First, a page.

1 When Jesus had finished saying all these things, he said to his disciples, 2 “As you know, Passover begins in two days, and the Son of Man will be handed over to be crucified.”
3 At that same time the leading priests and elders were meeting at the residence of Caiaphas, the high priest, 4 plotting how to capture Jesus secretly and kill him. 5 “But not during the Passover celebration,” they agreed, “or the people may riot.”
6 Meanwhile, Jesus was in Bethany at the home of Simon, a man who had previously had leprosy. 7 While he was eating, a woman came in with a beautiful alabaster jar of expensive perfume and poured it over his head.
8 The disciples were indignant when they saw this. “What a waste!” they said. 9 “It could have been sold for a high price and the money given to the poor.”
10 But Jesus, aware of this, replied, “Why criticize this woman for doing such a good thing to me? 11 You will always have the poor among you, but you will not always have me. 12 She has poured this perfume on me to prepare my body for burial. 13 I tell you the truth, wherever the Good News is preached throughout the world, this woman’s deed will be remembered and discussed.”
14 Then Judas Iscariot, one of the twelve disciples, went to the leading priests 15 and asked, “How much will you pay me to betray Jesus to you?” And they gave him thirty pieces of silver. 16 From that time on, Judas began looking for an opportunity to betray Jesus.
This passage shows yet again Matthew’s genius in ordering and framing his Gospel account. He begins by quoting Jesus to show that for all that happens from this point forward, the crucifixion was Jesus’ deliberate choice. The religious leaders start plotting, and Judas moves to betray, after Jesus announces what is going to happen. Unlike in Mark, where Judas is offered money, Matthew has him ask for a reward, which heightens Judas’ betrayal. He is not tempted to betray by others, he actively seeks out an opportunity and a personal benefit.
Like shadows added to draw attention to a painting’s main features, the betrayal and plotting together serve as a frame for what takes place at Simon the Leper’s house. Jesus is hanging out with the sort of people his last teaching just talked about – the least of these – and one such woman gives an extravagant gift to Jesus, pouring an entire bottle of expensive (Mark puts the value at a year’s wages) perfume on Jesus. This makes his disciples angry (and Matthew likely intends us to relate this to Judas’ decision to betray Jesus “then”) because, after all, Jesus has just told them how their eternal salvation hinges on care for the poor. This perfume could have funded a great deal of care for the poor. Jesus’ response, “you always have the poor with you,” has often been used (quite out of context) to rationalize not caring for those in need, but given what we read yesterday, such can only be regarded as a misuse of Scripture.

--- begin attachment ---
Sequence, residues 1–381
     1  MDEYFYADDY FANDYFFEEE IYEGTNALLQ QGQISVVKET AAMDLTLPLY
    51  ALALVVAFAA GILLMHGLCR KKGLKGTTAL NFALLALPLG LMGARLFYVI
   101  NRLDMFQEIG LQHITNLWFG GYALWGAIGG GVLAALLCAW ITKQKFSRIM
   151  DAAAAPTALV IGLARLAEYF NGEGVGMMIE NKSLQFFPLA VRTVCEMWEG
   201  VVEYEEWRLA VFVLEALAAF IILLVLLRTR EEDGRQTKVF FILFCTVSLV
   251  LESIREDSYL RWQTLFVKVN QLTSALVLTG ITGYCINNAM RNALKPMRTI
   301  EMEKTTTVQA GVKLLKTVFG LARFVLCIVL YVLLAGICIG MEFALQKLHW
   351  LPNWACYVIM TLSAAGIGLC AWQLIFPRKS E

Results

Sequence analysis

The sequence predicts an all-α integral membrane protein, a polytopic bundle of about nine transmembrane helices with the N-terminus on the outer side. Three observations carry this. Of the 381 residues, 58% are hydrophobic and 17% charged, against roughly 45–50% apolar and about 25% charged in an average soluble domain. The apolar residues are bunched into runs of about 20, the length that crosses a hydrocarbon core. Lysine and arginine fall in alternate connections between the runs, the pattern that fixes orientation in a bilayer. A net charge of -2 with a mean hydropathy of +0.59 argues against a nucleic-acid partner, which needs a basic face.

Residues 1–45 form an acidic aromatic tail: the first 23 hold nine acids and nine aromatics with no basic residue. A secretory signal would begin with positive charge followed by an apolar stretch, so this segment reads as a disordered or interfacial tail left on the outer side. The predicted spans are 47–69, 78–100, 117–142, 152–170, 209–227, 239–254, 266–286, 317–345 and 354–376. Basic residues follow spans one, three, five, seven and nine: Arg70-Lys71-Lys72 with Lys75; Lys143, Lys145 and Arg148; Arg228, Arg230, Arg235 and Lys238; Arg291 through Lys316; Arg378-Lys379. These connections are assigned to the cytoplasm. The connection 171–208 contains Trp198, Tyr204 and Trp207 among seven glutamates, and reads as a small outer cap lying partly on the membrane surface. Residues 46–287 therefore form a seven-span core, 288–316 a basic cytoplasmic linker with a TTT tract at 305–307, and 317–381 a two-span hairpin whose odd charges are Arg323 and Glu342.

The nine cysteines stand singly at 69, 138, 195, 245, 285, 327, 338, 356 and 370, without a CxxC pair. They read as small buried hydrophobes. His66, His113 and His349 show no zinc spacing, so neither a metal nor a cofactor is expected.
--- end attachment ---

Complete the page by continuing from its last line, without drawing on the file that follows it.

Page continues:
There are important lessons for us here. First, Jesus moves to protect the woman from the disciples’ angry critique of her actions. She didn’t need their permission or approval to do for Jesus what was on her heart to do. She most likely did not know she was anointing Jesus for his burial, Jesus gives that prophetic interpretation of her action. But this is how it happens with us many times, we feel strongly about doing some good thing, some act of service or worship (or both, more on that in a moment), and only later do we realize the significance of what we are doing, sometimes only after someone else has prophetically shown it to us. When you feel like God has given you something to do, you have prayed and thought about it and are willing (eager even) to commit a significant amount of personal resource to doing it, then you should go ahead and do it. Others may not understand, they may actively argue against you, but you should go ahead and pour that sweet perfume on Jesus’ head no matter what they think. Jesus will receive your act of worship and defend it and you just like he did for this dear woman.
Second, what Jesus said about always having the poor with us needs to be interpreted in the light of his identification with the poor in what we read yesterday. I don’t mean that his statement here should be given less weight and the other more weight, rather, what he says here accentuates what he said before. He told us yesterday in clear terms that what we do for the least of these we are doing for him. Now he is telling us that what this woman did in pouring out her life savings on his head was a good thing, and that while we can’t do this for him directly as she did, we always have people in need – the very people he equated himself with. So we too can pour out our love and our lives on people in need. We can give to them as extravagantly as this woman gave to Jesus and in so doing we pour our perfume on Jesus’ head too. This is her act of service and her act of worship. The same should be true for us as well. Serving those in need and worshipping God are inseparable.
Or we can live in the shadows where the plotting, griping, and betraying go on. But who wants that? Do what God puts on your heart to do. Worship Jesus and serve those in need in your own way with all that you have. And let all the plotters, gripers, and betrayers be no more than frames of your story of extravagant love for Jesus and people.
The New Living Translation (NLT)Holy Bible. New Living Translation copyright© 1996, 2004, 2007 by Tyndale House Foundation. Used by permission of Tyndale House Publishers Inc., Carol Stream, Illinois 60188. All rights reserved.